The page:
<acronym id="a2sgq"></acronym>
<acronym id="a2sgq"><center id="a2sgq"></center></acronym><acronym id="a2sgq"><center id="a2sgq"></center></acronym>
<acronym id="a2sgq"></acronym><rt id="a2sgq"></rt>
<acronym id="a2sgq"><small id="a2sgq"></small></acronym>
<acronym id="a2sgq"><small id="a2sgq"></small></acronym>
<acronym id="a2sgq"><small id="a2sgq"></small></acronym>

Troubleshooting Bow in Kiln-Dried Cherry

A discussion of the causes and possible cures for bowing of lumber. November 14, 2009

I have a load of 4/4 KD 1com cherry that I'm surfacing to 15/16" and almost every board is bowed. The normal stress test and even the stress test for tension and reaction wood look great. The MC is 7 1/2% and below (haven't done an oven test yet). The rough stock doesn't show a variation in thickness either that would lead me to believe that it bowed when drying. What can be done to salvage this lumber? Would sticking it and a few more hours of conditioning help?

Forum Responses
(Sawing and Drying Forum)
From Gene Wengert, forum technical advisor:
It is not clear to me - are the pieces showing bow before or after planing?

From contributor S:
Is the lumber all red or somewhat sappy, or sappy on the ends or in the middle? Or sappy on one side and red on the other?

From the original questioner:
The lumber is bowed before and after surfacing. The boards are mostly 90/50 red or better and it's difficult to say how much the sap is affecting it since almost every board is bowed regardless of the sap content. If only a few were bowed I could give you a better answer.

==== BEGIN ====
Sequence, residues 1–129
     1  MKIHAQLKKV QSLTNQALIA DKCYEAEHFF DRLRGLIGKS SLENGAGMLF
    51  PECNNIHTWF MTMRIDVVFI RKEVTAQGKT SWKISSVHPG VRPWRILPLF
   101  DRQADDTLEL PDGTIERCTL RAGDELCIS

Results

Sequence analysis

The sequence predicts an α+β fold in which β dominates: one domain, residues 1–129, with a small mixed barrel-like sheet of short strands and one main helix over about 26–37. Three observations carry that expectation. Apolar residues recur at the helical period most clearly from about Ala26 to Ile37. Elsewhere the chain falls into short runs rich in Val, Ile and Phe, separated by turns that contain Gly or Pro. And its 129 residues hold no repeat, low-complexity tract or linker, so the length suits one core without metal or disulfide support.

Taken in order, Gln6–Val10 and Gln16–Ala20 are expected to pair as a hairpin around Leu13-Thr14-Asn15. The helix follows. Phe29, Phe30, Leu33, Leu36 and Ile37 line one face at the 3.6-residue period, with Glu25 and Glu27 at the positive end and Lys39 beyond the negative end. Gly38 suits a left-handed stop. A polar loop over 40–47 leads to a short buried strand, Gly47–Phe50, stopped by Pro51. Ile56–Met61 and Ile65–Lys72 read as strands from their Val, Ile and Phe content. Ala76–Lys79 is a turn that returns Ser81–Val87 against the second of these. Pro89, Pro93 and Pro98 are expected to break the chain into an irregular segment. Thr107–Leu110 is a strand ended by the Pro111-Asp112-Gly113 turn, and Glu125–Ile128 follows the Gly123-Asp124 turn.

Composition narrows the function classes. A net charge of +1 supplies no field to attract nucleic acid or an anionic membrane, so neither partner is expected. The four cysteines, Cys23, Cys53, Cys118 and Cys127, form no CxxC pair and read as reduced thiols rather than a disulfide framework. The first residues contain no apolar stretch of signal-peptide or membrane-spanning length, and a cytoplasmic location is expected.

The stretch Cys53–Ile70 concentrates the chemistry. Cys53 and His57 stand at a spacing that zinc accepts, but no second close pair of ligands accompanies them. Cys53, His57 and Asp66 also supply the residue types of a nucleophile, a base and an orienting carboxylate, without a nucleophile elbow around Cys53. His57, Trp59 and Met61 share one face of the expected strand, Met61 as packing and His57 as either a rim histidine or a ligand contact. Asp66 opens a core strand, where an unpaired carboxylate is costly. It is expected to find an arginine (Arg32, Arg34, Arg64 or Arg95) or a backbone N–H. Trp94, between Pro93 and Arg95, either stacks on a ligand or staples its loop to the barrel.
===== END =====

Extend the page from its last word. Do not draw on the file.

From contributor J:
It sounds like the problem may be with your expectations rather than with the lumber. If the lumber is bowed to begin with, simply running it through a planer isn't going to fix it. If you need large, flat planks finished at 15/16", you'll need to start with thicker lumber. Joint one side flat, then use a surface planer to machine the second side parallel to the first. If you start with 1" lumber then you don't have enough extra material to correct the distortions.

From Gene Wengert, forum technical advisor:
If bowed before surfacing, then it is occurring in drying (poor stacking, but you would have seen this, or longitudinal shrinkage, which is unusual in cherry but can occur in smaller trees) or due to mixed sapwood and heartwood which indicates smaller trees and more chance of growth stress and uneven shrinkage. Are the pieces all fairly narrow? If so, then we can expect smaller trees which do have growth stresses that cause bow.

From Gene Wengert, forum technical advisor:
If the lumber bows immediately while planing, then it is drying stress which could have been fixed in the kiln, using steam for stress relief. Does the kiln drying facility use steam for stress relief? If the lumber bows a few days after planing, then the problem is moisture content change along with some wood from smaller trees.